Regína sacratíssimi Rosárii, ora pro nobis!

From the May AD 1997
Our Lady of the Rosary
Parish Bulletin


3. If anyone does not profess according to the holy Fathers that in the proper and true sense the holy, ever-Virgin, immaculate Mary is the Mother of God, since in this last age, not with human seed but of the Holy Spirit she properly and truly conceived the divine Word, who was born of God the Father before all ages, and gave him birth without any detriment to her virginity, which remained inviolable even after his birth: let such a one be condemned.

--- The Council of the Lateran, A.D.649

    Question:  The Bible speaks of the "brothers of Jesus." A priest told me that Mary had children beside our Lord. Is he correct?

    Answer:  Matthew 12, 1 Corinthians 9, and Acts 1 each contain a phrase referring to the "brethren" of Jesus. For an explanation, we defer to the convert-apologist, David Goldstein:

    The question as to who are the "brethren" to whom you refer, is not absolutely certain. The claim made that they were children of Joseph by and earlier marriage has been dismissed as untenable. Being older than Jesus, as they would have to be, our Lord could not be the "first-born," heir to the throne of David, as He is listed in the genealogies, if he had brothers through Joseph, according to the Jewish Law. It is generally believed that James (afterwards Bishop of Jerusalem), Joseph, Simon, and Jude were cousins of Jesus. They are held to be sons of Mary, the wife of Cleophas (also called Alpheus), who was the Blessed Virgin's cousin. They could not be called cousins. for there is no such word in the Hebrew or Aramaic language, hence the word cousin is not in any part of the Old Testament. The writers of Holy Writ were compelled to use the word "Ah" to describe kinsmen, which translated literally is brother. Calvin, the father of Protestant theology, in refuting Heldvidius, who maintained that the brethren referred to uterine brothers, said: "We have already stated that according to the Hebrews all relatives are called brothers."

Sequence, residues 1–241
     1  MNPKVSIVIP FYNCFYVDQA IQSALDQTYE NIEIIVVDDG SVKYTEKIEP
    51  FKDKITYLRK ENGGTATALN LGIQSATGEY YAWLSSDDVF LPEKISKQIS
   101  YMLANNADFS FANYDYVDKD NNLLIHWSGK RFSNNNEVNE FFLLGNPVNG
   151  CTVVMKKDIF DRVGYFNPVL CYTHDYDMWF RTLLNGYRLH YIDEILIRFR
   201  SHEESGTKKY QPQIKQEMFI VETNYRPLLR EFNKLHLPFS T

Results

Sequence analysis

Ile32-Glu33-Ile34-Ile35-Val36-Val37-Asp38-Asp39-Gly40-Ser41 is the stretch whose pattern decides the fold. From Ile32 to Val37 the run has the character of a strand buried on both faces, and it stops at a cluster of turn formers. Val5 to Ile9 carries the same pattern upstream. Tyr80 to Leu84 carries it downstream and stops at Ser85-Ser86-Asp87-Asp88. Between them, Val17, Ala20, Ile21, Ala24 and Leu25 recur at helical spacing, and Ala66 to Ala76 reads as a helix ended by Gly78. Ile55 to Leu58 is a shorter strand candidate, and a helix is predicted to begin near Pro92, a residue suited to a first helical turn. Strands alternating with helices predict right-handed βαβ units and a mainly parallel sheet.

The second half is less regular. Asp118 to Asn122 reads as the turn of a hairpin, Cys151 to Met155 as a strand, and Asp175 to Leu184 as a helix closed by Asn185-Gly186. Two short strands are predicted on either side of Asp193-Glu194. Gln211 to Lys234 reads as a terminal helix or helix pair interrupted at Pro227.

One thing is certain, it would not have been within the province of Jesus on the Cross to place His mother in the care of St. John if He had brothers (St. John 19:26, 27). Again, Jesus, and He alone is called in the Bible "the son of Mary" (St. Mark 6: 3).

    The question is settled for Catholics, not merely by their study of the matter, but by the infallible authority of their Church, expressed in its definition of the Virgin Birth, at the 5th General Council of Constantinople (553 A.D.), and the Lateran Council at Rome (640 A.D.).

    Why would anyone want to question the perpetual virginity of the Blessed Mother? Only those seeking to undermine the entire Catholic Faith would do such a thing. Perhaps Pope St. Siricius (389-98) had your priest in mind when he wrote:

    "For if they accept the doctrine on the authority of priests that Mary had a number of children, then they will strive with greater effort to destroy the truths of the faith."


1. Jesuit Fathers of St. Mary's, The Church Teaches (TCT) (B. Herder, 1955; TAN 1973) #505, p. 205.

2. David Goldstein, What Say You? (St. Paul MN: Radio Replies Press, 1945, p. 171.

3. TCT #502, p. 204.


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